Rivalries are part of what makes sports amazing. The Boston Red Sox vs. the New York Yankees. The Boston Celtics vs. the Los Angeles Lakers. The New England Patriots vs… Eli Manning.
And in recent years, the Celtics and Philadelphia 76ers have developed a rivalry.
Since the 2014-15 season, Boston holds a 31-13 record against Philadelphia, playoffs included. It goes back to the Embiid quote: “This is not a rivalry. I don’t know our record against them, but it’s pretty bad. They always kick our a**.”
Regardless, there’s clearly a certain hatred between the two sides. Both teams turn up the heat at least a little bit when they face off, and the fans of each franchise generally can’t stand one another.
But amid all the chaos, one man stands out. Al Horford.
The animosity between the Celtics and 76ers goes deeper with Horford, who is generally level–headed. It’s not that Horford carries a giant disdain for the city of Philadelphia. No. It’s the other way around.
CelticsBlog’s sister site and SB Nation’s 76ers page, Liberty Ballers, recently wrote an article detailing “A hater’s guide to the Boston Celtics.” It begins with the phrase, “The Boston Celtics suck,” and discusses how frustratingly good Boston is.
The article goes on to list the top five Celtics players 76ers fans should hate the most. Jayson Tatum could be an obvious answer, as he nailed a game-winning three over the 76ers earlier this season. Marcus Smart deserves a claim atop the list with his generally frustrating antics.
But no. Horford ranks number one.
In fact, Horford owns so much real estate inside of 76ers’ fans’ heads that his sister, Anna Horford, decided to buy some property, too.
Philadelphia can’t seem to get over the fact that they completely botched their 2019 offseason and proceeded to horrendously mismanage their utilization of Horford.
Celtics fans dreaded seeing Horford, a fan-favorite in Boston, join the 76ers. Yet two years later, he returned to the green and white, gift-wrapped on a silver platter by the Oklahoma City Thunder. A team who received a first-round pick from the 76ers just to take on Horford’s contract.
And, for what it’s worth, it seems as though for every second Horford spent away from Boston, all he could think about was returning.
“I tell people I think we fully manifested his return to Boston because we all wanted it so badly. We kind of put that out there,” Anna Horford told Jared Weiss of The Athletic last June. “Al has alluded to that, as well. He always was homesick for Boston when he was in Philly and when he was in Oklahoma. Somehow, the stars aligned, and we got back here, and it just worked out perfectly.”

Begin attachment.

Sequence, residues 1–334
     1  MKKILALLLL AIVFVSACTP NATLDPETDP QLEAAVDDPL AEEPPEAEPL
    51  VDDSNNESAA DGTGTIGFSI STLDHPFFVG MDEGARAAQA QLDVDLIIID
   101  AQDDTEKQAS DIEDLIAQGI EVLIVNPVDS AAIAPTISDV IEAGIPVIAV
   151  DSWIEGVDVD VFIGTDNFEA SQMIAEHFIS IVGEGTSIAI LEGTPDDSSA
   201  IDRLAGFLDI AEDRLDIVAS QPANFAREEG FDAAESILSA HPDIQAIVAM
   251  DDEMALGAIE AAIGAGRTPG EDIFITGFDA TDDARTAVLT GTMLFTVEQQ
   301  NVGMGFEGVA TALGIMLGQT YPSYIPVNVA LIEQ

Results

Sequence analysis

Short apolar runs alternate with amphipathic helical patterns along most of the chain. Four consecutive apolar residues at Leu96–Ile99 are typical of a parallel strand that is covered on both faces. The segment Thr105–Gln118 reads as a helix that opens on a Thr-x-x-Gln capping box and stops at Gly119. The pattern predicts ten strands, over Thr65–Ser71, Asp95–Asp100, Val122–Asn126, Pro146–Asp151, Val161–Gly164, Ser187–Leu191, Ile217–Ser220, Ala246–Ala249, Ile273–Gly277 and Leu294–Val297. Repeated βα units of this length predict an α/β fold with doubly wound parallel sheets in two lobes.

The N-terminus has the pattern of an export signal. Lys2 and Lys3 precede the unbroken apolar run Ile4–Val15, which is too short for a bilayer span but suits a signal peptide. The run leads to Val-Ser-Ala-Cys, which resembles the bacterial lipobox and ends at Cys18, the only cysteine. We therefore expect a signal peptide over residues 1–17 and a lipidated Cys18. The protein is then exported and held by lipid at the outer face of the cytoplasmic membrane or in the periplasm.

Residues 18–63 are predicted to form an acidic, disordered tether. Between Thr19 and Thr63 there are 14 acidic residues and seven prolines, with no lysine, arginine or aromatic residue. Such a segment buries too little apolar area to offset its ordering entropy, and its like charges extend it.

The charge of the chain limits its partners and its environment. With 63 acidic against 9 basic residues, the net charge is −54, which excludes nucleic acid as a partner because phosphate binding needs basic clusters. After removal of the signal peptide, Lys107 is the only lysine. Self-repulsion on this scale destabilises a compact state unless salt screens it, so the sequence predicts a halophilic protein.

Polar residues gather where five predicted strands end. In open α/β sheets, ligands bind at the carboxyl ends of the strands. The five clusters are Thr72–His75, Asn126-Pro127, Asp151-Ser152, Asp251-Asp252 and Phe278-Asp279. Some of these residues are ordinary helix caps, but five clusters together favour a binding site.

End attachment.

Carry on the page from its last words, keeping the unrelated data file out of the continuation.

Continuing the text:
Three years removed from his lone year in Philadelphia and Horford is still on the minds of 76ers fans. The team’s failure to effectively compete with that 2018-19 group is a big part of their hatred, but it’s also rooted in the fact that Horford has dominated the 76ers every chance he’s gotten since.
During his time in Philadephia, Horford shot 35.0% from distance–his lowest mark since his years with the Atlanta Hawks. Since departing, in six games against the 76ers, Horford has shot 15-of-34 (44.1%) from beyond the arc.
That includes an earth-scorching performance at the end of February, where the Celtics made an impressive comeback behind three huge Horford triples.
“Man, Al was huge, right?” said Tatum after the game. “He’s the reason why we came back in the game. We were down 15, I don’t think he had scored yet, and I think he hit four threes in that third quarter and catapult[ed] that run to go up to start the fourth.”
But in addition to his three-point mastery, Horford has historically given Embiid problems. Admittedly, Embiid got the best of Horford this season, shooting 18-of-28 against the Celtics big man. But that’s a newfound success for Embiid.
Last year, he shot 5-of-16 against Horford. In the year prior to his move to Philadelphia, Embiid was 18-of-44. And the season before that, he was 4-of-11 in the regular season and 12-of-33 in the postseason.
When Horford joined the 76ers, it was speculated that one of Philadelphia’s primary reasons for making the move was so Embiid wouldn’t have to deal with Horford in the East anymore. (Narrator: Spoiler alert, it didn’t work out well.)
The point is that heading into Boston’s second-round series, the Celtics are focused on Embiid, James Harden, and getting the job done. And from the look of it, the 76ers (their fans, at least) are focused on Horford.
Luckily for Boston, that’s the way Horford likes it.
“I like it,” Horford said when asked about the Philadelphia crowd’s constant trash talk. “I take it as respect. I wasn’t having my best game offensively [and] I feel like that kind of got me going.”